This year’s summer retreats were invaluably worthwhile, once again. We started at Shilo Farm in Eliot, ME in June with three sweet families of children with cancer. It was a busy weekend that started off in the pouring rain and ended in the bright sun at Fort Foster. For us and the owners of the Eco B&B, Jonas and Amylyn, the vibe felt joyful and supportive. Fourth of July brought us back to Leyden, MA at Angels’ Rest. Here, six bereaved families gathered. The sharing circle at the opening was really strong, and each night parents stayed up late talking. Everyone opened up so much. It was truly beautiful. Two weekends later we held our first retreat with Momcology, an amazing national organization. Twelve grieving mothers connected deeply. Our last retreat took place in Waldoboro, ME at a new glamping campground called Tops’l Farm. This time, downpours made things pretty tricky… but we kept the fire burning and the spirit felt so powerful around us. At one point the last day, during our music therapy session as the sun finally emerged, a group of dragonflies descended upon us!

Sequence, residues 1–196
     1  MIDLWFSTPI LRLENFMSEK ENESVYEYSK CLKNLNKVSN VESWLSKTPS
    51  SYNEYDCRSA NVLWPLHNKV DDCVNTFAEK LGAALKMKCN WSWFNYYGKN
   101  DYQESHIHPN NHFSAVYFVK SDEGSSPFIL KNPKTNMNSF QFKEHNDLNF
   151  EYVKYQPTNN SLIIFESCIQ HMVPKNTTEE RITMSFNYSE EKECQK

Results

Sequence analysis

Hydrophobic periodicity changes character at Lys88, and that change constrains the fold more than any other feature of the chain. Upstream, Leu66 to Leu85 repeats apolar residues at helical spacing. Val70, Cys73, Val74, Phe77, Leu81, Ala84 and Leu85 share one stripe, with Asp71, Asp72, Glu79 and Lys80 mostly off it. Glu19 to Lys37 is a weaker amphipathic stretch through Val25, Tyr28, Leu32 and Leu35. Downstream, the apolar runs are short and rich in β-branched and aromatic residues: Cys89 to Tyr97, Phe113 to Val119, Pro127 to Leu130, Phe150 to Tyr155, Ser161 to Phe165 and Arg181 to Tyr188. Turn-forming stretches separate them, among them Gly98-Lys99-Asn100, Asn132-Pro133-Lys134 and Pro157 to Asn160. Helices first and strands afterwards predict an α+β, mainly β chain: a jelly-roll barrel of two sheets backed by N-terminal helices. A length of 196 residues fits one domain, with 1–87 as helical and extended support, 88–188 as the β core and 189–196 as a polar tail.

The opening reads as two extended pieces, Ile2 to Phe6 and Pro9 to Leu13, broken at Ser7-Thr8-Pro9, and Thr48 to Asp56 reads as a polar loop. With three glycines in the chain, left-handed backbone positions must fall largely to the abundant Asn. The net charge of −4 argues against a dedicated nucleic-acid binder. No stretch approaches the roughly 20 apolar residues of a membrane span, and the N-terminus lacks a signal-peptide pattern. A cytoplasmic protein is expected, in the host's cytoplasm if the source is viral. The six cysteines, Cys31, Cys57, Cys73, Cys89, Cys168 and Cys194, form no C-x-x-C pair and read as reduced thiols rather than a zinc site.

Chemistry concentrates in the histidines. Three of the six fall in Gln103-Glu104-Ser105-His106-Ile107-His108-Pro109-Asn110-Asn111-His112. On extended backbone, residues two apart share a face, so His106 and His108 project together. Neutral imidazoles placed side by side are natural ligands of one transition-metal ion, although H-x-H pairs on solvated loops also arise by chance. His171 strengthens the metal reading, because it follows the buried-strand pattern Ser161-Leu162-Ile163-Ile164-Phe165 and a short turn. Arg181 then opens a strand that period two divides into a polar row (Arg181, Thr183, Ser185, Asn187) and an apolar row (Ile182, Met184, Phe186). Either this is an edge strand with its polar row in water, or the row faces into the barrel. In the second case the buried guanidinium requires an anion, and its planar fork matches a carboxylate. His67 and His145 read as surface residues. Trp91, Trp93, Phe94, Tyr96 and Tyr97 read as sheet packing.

The Superhero 5K in October was also a huge success, raising over $20,000. We eagerly returned for a second year to Throwback Brewery, and are so thankful for all the runners and sponsors and volunteers that joined us. The summer-like day brought smiles to all the participants. Our greatest support comes from people that opt to donate monthly or annually. Even a continuous $5 donation sustains us so much over time. And to those that have raised money for us on their own—teaching yoga, running a race, selling products—that is incredibly valued too. It’s all the little things, and sometimes the big effort, from our constituents that has kept us burning bright.